In Tucker, some time after the date of the divorce decree, the father filed petition seeking a reduction in the amount of the monthly payments. The trial court granted the prayer for such reduction and ordered the amount of the payments reduced to $75.00; but, the trial court also ordered the father to convey to the wife "for the benefit" of the children all the father's right, title, and interest in the home. The father appealed and complained that the order for conveyance of the home was error because the original divorce decree had fixed the right of the parties in the homeplace and was a property settlement not subject to modification. The father did not, however, complain of the reduction in the monthly payments. This court refused to reverse, noting that the reduction in the monthly payments was conditioned upon the father's conveyance of the homeplace to the mother for the benefit of the children. The result is a sort of "Mexican standoff." The father could not have the benefit of the reduction without the burden of losing his interest in the home. We will not undertake at this time to analyze or justify the action of the trial court in Tucker in changing the agreement fixing ownership of the home. As the modification decree came to this court, however, the father was seeking to have the benefit without the burden of the modification decree. If the modification had related only to the onwership of the home, a different case would have been presented here. In the instant case, determination whether the $50,000.00 award is a non-modifiable property settlement is not conditioned on any reduction or increase in the monthly payments or any other consideration. In that respect, Tucker differs from the case at bar.

The father argues that the $50,000.00 payment was clearly intended to be a payment for support of the children and, therefore, subject to modification under changed circumstances; that the payment is a support payment because it is for the use and benefit "of the minor children." The father points out that the statute, Title 34, § 91, provides that when a person is sentenced to hard labor for failure to support wife or child, payment out of the county general fund shall be made "for the use of defendant's wife or for the use of his child"; and that Title 34, § 98, also employs the term, "the use of defendant's wife," in referring to payments for support of the wife and child.

The parties are in agreement that the father's obligation to support the children

*903 ceased upon their adoption by the wife's second husband.

Further discussion of the circumstances would serve little purpose. This court has said:

"From our authorities it appears that for an award in a divorce decree to qualify as alimony in gross it must meet and satisfy two requirements. First, both the amount and time of payment must be certain. Williams v. Williams, 261 Ala. 328, 74 So. 2d 582; Epps v. Epps, 218 Ala. 667, 120 So. 150; 18A Words and Phrases, Gross Alimony, p. 477, and Pocket Part. Second, the right to it must be vested and not subject to modification. Williams v. Williams, supra; Epps v. Epps, supra; Smith v. Rogers [215 Ala. 581, 112 So. 190], supra; 18A Words and Phrases, Gross Alimony, p. 477, and Pocket Part." (268 Ala. at 298, 105 So.2d at 869)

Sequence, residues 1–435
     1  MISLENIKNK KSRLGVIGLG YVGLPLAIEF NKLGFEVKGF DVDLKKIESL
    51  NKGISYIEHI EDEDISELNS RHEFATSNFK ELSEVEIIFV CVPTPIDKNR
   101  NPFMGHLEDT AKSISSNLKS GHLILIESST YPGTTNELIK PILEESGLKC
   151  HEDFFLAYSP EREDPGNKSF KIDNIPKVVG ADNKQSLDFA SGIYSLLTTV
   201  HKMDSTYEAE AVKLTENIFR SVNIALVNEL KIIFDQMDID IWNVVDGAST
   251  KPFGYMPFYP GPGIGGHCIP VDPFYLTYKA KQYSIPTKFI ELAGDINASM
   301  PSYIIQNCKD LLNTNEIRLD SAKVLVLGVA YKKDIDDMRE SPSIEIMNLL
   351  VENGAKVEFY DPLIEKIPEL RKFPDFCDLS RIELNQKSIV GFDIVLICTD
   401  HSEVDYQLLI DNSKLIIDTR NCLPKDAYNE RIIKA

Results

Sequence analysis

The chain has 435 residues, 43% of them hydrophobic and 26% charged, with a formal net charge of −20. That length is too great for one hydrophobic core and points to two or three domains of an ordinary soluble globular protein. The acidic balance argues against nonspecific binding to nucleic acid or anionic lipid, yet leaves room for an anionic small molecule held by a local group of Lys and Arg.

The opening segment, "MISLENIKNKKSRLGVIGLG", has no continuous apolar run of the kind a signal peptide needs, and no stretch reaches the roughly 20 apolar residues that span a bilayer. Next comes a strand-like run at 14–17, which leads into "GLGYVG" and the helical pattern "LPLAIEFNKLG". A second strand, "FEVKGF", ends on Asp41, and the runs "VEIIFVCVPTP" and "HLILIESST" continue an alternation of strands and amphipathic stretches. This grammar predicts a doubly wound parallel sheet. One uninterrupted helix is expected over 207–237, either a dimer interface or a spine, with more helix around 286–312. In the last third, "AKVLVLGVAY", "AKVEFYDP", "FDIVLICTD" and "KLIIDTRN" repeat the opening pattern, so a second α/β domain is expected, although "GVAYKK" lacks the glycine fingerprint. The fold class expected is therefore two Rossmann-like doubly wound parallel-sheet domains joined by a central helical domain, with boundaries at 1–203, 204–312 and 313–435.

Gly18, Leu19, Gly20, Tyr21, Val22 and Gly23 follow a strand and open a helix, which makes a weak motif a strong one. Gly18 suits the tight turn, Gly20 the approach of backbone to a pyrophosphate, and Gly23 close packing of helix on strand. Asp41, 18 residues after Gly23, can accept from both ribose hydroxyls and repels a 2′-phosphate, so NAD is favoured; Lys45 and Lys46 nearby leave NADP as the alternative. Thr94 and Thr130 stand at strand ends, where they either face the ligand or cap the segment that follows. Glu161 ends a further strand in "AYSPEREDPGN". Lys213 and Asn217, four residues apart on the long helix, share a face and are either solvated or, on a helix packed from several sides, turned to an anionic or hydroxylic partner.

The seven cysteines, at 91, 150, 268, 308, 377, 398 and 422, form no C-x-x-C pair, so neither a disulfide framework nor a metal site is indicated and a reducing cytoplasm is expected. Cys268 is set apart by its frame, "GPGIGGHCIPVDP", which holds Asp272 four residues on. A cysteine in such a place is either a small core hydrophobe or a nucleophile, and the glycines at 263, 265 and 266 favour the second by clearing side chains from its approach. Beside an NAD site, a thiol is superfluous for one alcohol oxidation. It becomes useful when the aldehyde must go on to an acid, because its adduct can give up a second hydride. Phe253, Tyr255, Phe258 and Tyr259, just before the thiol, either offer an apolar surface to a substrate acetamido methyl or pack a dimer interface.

If the $50,000.00 were payable to the wife, or to another for her use, it seems to us that the award would qualify as a property settlement because the amount and time of payment are certain. The question is does the award fail to qualify as a property settlement because it is for the use and benefit of the children.

The father and mother were sui juris. There is no contention that the agreement on the terms of the $50,000.00 award was in anywise the result of fraud or coercion on the part of either party. Among other things, the agreement recites that ". . . . it is the desire of both parties to finally and for all time settle and determine their property rights, child custody, alimony, maintenance and support of the children, all dower and homestead rights, together with any and all other rights existing between the said parties growing out of the marriage relations that may have heretofore existed between them. . . ." The agreement recites further that ". . . . for and in consideration of the mutual desires of the parties hereto, it is herein and hereby agreed by and between the parties hereto that they do bind and obligate themselves as follows:. . . ." The husband further agreed to execute the security agreement or mortgage referred to as Exhibit A to the agreement.

We do not hold that the parties have power by an agreement to believe the father from his legal obligation to support his children as required by law. Hall v. Hall, 280 Ala. 275, 192 So. 2d 727. Neither do we hold that the father can be required against his will to make a lump sum payment of $50,000.00 for the use and benefit of his children. Here, however, the father, voluntarily and for the consideration as expressed in the agreement, bound himself to pay the $50,000.00 award for the use and benefit of the children. We are of opinion that the trial court and the Court of Civil Appeals correctly held the $50,000.00 award to be a property settlement and not subject to modification because of changed circumstances.